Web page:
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Trigger happy cops
October 30, 2013 - John Stack
I’ve had many good- and bad – discussions with people on each side of the gun debate. No guns, some guns, some restrictions, no restrictions. Regardless of my personal stance, I am often portrayed as taking away people’s guns. Regardless. I write today about the tragedy involving a 13 year old boy who was shot and killed by cops who mistook his pellet gun for an AR-15. To me, the tragedy was that this boy had a gun that looked a lot like a serious assault rifle and died because of it. The story says the cops asked him twice to drop the gun, and he turned towards them and lifted the gun instead. A lot went through these cops heads in those very few seconds. The decision to fire or not to fire will be the hardest decision these men ever make in their life – and they had a couple seconds to make it.
While discussing this, one of the other people cavalierly laid the blame at the officers’ feet, calling them “trigger happy cops”. Had this been the first time I heard this, I would have passed it off as ignorance, but it wasn’t the first time. I’ve had a number of people mention the same sentiment. The twist is their reasoning was not as expected. One would think possibly that a gun control advocate would be the one complaining about the overuse of violence, guns and force in situations where it wasn’t needed (possibly). But each of the people I’ve heard this from are vociferous gun rights advocates.
When Rep Gabrielle Giffords was shot back in 2011, some gun rights activists argued that there should be more lenient gun laws in Arizona because of this (even though the laws were lenient enough at this event, it would not have been illegal to be carrying a firearm). Or as Wayne LaPierre of the NRA would say “ we need more good guys with guns”. It was a tragedy when 6 other were killed at this time. But, had a citizen been there, would he or she have been able to stop this? It was a large crowd of people all close in together. Unless standing right on top of the guy, who would have been certain to stop the gunman and not kill many other bystanders? I had argued that a vigilante might very well have killed many more bystanders, other gun carryers would not know if he was a good guy or bad, and possibly the tragedy could have been truly a massacre. I don’t know what would have happened. Maybe the shooter would have been killed with one well placed shot. But, I also know cops have missed quite often and wounded and killed innocent bystanders. My argument is that if trained professionals miss (often) what does the everyday Joe 6 shot have to make it better?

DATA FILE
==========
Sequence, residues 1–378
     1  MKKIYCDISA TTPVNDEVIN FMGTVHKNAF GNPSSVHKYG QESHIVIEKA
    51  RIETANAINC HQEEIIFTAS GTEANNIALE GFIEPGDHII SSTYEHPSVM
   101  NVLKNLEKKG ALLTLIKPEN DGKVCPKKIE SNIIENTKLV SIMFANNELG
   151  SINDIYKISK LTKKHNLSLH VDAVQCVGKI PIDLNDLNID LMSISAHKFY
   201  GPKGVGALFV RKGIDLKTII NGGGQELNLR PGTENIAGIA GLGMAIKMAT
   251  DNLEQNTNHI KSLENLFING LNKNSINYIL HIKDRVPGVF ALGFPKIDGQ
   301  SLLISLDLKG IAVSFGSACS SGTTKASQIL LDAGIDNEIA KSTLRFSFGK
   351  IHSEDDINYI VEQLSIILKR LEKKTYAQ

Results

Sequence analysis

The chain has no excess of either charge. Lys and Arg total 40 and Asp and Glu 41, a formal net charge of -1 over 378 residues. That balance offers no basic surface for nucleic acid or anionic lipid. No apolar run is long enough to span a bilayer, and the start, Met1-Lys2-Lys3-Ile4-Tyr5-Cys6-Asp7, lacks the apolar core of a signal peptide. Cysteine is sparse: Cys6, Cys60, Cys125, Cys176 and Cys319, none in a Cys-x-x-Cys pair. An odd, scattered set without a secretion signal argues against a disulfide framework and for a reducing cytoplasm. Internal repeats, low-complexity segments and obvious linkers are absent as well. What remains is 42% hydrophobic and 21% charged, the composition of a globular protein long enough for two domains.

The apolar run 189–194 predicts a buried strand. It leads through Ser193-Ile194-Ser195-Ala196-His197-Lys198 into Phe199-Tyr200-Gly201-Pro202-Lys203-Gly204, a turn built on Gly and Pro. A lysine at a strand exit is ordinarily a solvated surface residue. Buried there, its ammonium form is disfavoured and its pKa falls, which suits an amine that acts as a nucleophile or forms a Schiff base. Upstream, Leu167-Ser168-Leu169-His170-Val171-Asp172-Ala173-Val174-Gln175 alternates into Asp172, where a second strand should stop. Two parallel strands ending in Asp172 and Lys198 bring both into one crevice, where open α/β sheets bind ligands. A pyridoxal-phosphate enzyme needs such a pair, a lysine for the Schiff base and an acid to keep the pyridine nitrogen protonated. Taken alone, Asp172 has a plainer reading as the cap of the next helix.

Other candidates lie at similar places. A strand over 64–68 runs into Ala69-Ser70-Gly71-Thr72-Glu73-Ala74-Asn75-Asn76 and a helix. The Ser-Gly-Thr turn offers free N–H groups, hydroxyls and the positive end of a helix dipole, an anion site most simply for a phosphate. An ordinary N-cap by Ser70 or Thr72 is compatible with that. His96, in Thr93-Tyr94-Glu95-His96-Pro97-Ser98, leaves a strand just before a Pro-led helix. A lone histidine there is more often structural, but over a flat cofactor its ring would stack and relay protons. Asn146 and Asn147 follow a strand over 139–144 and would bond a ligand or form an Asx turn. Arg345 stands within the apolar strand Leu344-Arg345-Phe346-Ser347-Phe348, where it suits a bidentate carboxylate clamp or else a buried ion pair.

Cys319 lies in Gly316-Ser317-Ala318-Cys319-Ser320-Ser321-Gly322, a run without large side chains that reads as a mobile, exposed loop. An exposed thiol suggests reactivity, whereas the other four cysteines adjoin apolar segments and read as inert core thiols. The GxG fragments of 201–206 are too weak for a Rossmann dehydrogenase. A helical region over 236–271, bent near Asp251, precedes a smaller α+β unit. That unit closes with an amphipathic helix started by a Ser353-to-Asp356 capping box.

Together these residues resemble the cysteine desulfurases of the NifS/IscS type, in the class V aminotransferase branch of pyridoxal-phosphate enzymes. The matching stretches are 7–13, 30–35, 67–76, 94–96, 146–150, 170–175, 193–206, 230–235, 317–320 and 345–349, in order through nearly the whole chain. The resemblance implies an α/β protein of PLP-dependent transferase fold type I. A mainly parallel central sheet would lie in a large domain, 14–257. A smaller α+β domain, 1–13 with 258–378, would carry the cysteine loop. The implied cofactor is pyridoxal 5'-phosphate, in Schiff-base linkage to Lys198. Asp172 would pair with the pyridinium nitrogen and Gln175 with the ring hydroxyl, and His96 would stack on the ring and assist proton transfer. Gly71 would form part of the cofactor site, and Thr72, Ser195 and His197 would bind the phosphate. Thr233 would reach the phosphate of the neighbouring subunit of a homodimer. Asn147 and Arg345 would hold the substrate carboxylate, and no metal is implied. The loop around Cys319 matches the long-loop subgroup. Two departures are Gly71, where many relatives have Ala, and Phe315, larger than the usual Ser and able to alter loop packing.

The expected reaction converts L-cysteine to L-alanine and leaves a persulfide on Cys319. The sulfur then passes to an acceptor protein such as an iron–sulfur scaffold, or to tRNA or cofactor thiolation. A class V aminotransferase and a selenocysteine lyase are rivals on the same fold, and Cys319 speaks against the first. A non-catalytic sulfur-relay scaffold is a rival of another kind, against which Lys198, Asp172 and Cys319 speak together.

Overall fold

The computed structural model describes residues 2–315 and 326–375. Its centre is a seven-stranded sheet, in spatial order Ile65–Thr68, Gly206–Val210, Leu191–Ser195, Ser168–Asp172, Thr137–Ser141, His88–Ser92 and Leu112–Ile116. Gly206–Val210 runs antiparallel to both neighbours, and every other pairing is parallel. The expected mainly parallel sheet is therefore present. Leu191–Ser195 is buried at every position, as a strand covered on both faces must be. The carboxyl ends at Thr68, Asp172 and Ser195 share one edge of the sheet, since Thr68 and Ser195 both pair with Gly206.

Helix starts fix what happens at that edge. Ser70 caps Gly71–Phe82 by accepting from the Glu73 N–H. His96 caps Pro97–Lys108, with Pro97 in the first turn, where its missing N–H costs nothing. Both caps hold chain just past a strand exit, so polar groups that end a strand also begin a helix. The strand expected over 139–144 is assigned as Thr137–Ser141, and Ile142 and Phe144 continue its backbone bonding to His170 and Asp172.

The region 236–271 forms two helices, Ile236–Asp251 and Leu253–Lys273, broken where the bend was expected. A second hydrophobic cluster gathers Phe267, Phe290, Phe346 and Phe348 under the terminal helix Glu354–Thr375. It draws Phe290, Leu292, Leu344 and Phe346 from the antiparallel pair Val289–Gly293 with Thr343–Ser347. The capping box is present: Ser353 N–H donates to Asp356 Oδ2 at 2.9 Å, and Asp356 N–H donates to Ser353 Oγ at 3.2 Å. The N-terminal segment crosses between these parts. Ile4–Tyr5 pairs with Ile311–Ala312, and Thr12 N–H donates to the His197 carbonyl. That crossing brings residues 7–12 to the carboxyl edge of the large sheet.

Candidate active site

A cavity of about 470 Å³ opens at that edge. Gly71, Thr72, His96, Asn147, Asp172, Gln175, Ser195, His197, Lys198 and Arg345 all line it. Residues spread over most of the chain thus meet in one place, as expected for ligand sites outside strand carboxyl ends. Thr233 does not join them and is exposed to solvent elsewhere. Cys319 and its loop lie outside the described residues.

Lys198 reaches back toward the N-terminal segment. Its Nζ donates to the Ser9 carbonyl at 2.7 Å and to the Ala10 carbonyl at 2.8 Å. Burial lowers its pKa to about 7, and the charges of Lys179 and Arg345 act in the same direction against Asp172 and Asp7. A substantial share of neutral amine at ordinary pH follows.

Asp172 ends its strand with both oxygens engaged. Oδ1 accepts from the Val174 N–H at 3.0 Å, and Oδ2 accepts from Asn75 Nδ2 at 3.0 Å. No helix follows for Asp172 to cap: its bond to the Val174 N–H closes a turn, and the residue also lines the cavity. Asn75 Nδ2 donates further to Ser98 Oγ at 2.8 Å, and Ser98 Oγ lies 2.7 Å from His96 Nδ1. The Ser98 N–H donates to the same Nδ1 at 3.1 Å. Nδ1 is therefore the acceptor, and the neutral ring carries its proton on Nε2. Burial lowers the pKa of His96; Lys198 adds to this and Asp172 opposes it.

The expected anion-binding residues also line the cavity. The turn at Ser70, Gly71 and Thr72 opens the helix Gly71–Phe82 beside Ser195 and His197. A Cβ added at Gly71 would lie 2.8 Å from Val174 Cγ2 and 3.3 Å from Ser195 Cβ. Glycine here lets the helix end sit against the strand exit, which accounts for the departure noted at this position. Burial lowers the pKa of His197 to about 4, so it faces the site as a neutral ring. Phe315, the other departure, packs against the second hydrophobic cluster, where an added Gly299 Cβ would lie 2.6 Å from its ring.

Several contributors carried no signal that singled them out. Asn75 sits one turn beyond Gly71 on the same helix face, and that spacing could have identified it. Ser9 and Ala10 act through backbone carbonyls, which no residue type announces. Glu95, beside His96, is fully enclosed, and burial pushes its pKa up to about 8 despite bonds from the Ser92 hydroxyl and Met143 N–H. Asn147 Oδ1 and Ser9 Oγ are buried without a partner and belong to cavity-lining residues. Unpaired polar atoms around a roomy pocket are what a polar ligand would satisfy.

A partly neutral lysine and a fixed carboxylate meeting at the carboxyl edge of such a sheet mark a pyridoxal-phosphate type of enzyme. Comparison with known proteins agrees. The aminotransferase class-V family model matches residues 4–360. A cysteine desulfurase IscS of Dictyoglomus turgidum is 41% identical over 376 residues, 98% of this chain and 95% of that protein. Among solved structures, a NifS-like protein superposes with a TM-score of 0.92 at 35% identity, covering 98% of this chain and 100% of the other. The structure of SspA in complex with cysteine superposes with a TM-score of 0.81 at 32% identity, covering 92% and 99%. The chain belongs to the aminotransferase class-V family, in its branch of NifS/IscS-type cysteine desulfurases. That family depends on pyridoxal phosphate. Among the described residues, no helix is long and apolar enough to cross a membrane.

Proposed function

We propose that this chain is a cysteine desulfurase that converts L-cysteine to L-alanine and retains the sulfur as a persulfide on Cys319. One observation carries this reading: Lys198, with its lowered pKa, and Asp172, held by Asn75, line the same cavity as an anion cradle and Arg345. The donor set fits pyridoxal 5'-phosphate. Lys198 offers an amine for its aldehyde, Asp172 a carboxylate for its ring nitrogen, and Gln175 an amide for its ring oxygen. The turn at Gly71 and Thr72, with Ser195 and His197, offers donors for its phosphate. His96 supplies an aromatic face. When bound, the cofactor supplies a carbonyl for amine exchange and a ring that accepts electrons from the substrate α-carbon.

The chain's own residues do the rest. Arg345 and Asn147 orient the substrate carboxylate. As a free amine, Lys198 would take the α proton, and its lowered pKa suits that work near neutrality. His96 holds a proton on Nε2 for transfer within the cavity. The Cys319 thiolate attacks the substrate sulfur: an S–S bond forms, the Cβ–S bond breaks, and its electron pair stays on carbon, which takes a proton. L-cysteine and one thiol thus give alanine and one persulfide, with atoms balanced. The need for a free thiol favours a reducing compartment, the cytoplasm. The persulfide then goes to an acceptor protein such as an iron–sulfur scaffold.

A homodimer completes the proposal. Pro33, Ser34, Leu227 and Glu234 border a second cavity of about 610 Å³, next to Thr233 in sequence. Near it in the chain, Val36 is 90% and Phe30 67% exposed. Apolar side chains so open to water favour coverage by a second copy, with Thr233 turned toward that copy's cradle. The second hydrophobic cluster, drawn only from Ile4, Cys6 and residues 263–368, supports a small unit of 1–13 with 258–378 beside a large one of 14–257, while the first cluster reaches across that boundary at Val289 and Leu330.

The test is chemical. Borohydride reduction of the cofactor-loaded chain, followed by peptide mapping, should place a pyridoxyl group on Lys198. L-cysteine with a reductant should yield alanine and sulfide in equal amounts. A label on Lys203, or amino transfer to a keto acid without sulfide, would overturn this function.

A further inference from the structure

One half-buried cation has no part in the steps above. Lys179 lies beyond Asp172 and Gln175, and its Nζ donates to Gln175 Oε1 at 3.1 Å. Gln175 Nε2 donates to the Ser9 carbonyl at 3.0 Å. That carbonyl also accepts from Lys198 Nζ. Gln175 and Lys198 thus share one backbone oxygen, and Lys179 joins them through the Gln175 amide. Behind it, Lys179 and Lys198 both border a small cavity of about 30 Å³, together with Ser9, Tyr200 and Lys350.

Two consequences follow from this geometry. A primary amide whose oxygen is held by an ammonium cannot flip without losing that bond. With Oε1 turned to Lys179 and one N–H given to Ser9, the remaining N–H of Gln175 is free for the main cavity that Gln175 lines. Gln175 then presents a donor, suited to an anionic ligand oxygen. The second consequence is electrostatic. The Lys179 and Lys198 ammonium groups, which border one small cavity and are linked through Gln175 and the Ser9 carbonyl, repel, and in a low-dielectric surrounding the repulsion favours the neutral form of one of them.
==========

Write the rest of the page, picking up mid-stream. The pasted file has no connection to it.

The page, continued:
When I think of people I want to have guns in a serious situation, I think of 2 groups – police officers and our armed services men and women. These are people who are trained to de-escalate a situation, ones who every day come in harm’s way and have to make informed split second decisions. Yet, I have friends who will swear up and down that the cops are the worst at this. This is mind boggling to me. If I was concealed carrying at the Winter Carnival Gala Parade, and I saw what I thought was a gun crime happen, would I be the one who could stop him from 50 meters away, or would I prefer Sergeant Jimmy Law of the SLPD (and Iraq war vet) taking care of the situation in a manner that was safe?
There are things officers do that most don’t know about. More people attempt or contemplate suicide daily than you can imagine. Every one of them that has to be taken from the scene to the hospital, has to be taken by an officer, in cuffs. A friend of mine works in these situations and has told me all the local cops have been incredible in these circumstances. These people may be frightened, agitated, screaming, crying and she tells me our local cops have always been more than kind and gentle to these people, and understand the situation better than I or you could ever deal with.
Every time a cop pulls over a car, every time they get called to a domestic incident, a fight at a bar, a cop knows he or she may have to unholster a weapon, and maybe shoot. He or she almost never has to, and almost never even draws their gun. But, they face these situations each and every day, or possibly every day. I have NEVER been in this situation. I think I am at least as level headed as most, but I will never be in the league of the most junior of police officers when it comes to reacting in the most safe manner in a gun shooting crisis.
There are many valid arguments to be made on the many sides of gun control. To claim that cops are part of the problem because of their lack of training and trigger-happiness (?) is to really discredit the whatever argument you are trying to make.
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